©Shutterstock/Chepko Danil Vitalevich
Thanks to recent breakthroughs in genetics research, doctors can treat some diseases in amazing new ways. For example, for years, the best way to treat cancer has been to attack the cancer cells in every patient with the same medicines, but this approach only works on some people.
Now, for some forms of cancer, doctors can test a patient’s individual genetic makeup to determine which medicine will work better. This personalized approach can make treatment much more effective.
What if we could use personalized medicine (which researchers call “precision medicine”) to treat drug problems—or to prevent them from happening in the first place?
The idea isn’t as wild as you might think. Drug counselors already use a person’s individual experiences to help them with counseling. What about also looking at their personal biology—their genetic makeup?
Genes and treatment
Researchers have already found that as much as half of a person’s risk of becoming addicted to nicotine, alcohol, or other drugs depends on that person’s genes. The next logical step is to see if a person’s genetic information could be used to reduce this risk.
For instance, some treatments for nicotine addiction can be tailored to an individual smoker’s genetic makeup, increasing the odds that they’ll successfully quit smoking. Soon, doctors may also be able to do this for someone who’s addicted to opioids, and then give the person the exact amount of methadone that treats their addiction, without giving them too much.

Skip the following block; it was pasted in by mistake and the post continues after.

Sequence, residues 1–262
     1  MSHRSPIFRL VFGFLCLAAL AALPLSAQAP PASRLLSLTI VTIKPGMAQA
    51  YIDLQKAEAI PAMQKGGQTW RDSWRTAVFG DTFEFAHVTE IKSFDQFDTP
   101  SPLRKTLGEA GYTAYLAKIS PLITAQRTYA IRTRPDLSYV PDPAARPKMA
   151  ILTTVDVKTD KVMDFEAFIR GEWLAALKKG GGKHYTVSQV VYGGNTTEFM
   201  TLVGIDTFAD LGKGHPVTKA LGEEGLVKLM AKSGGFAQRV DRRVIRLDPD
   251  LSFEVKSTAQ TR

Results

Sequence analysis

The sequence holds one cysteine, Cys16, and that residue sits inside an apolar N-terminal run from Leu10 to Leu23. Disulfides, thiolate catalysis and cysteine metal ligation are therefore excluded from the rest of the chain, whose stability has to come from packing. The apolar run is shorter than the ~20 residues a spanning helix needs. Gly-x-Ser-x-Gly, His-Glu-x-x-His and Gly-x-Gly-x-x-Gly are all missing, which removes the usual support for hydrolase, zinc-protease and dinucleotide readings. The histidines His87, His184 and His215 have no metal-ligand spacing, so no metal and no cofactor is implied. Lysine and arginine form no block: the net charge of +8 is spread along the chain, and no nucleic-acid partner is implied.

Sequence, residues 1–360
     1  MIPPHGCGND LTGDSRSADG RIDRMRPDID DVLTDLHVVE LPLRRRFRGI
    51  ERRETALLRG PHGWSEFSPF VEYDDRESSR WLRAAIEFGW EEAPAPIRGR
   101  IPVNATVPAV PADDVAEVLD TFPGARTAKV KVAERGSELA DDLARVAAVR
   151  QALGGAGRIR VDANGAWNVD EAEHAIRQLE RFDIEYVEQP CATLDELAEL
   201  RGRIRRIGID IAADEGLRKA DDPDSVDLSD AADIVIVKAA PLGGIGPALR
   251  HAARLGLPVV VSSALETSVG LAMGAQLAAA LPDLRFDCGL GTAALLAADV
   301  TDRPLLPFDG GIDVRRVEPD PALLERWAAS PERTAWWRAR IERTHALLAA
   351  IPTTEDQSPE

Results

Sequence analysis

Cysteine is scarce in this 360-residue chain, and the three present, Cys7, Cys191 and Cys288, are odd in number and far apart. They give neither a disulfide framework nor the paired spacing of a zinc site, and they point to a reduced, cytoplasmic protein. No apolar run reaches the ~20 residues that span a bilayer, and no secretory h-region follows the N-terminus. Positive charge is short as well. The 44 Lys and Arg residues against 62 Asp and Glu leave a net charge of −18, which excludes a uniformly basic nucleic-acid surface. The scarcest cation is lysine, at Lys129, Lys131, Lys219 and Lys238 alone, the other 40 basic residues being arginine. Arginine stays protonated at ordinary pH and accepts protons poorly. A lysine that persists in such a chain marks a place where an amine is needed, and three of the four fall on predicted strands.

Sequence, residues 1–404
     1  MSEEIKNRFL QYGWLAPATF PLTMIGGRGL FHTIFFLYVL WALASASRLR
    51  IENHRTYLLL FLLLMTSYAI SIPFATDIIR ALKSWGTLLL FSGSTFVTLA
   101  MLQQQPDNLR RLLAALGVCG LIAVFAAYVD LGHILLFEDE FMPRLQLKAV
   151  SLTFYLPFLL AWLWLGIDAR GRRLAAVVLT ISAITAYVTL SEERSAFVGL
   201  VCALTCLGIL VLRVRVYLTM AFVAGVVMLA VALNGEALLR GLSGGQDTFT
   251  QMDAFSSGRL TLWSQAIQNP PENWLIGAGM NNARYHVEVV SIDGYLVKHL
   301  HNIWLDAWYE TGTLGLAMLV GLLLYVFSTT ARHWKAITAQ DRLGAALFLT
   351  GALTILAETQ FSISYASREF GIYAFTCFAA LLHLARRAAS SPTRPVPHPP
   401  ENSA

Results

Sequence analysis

In one study, researchers identified the genetic makeup of young adults who were less likely than others in their age group to become addicted to nicotine. The study found that if some of these young adults started smoking, they did it later than the others. This suggests that one day, identifying a person’s genetic “map” might reveal ways to prevent that person from developing an addiction.
Your genes don’t completely control if you’ll develop a problem with drugs; your experiences and environment also play a part. But as scientists unlock more of the clues in our genes, we may enter a new era of treating and preventing drug problems.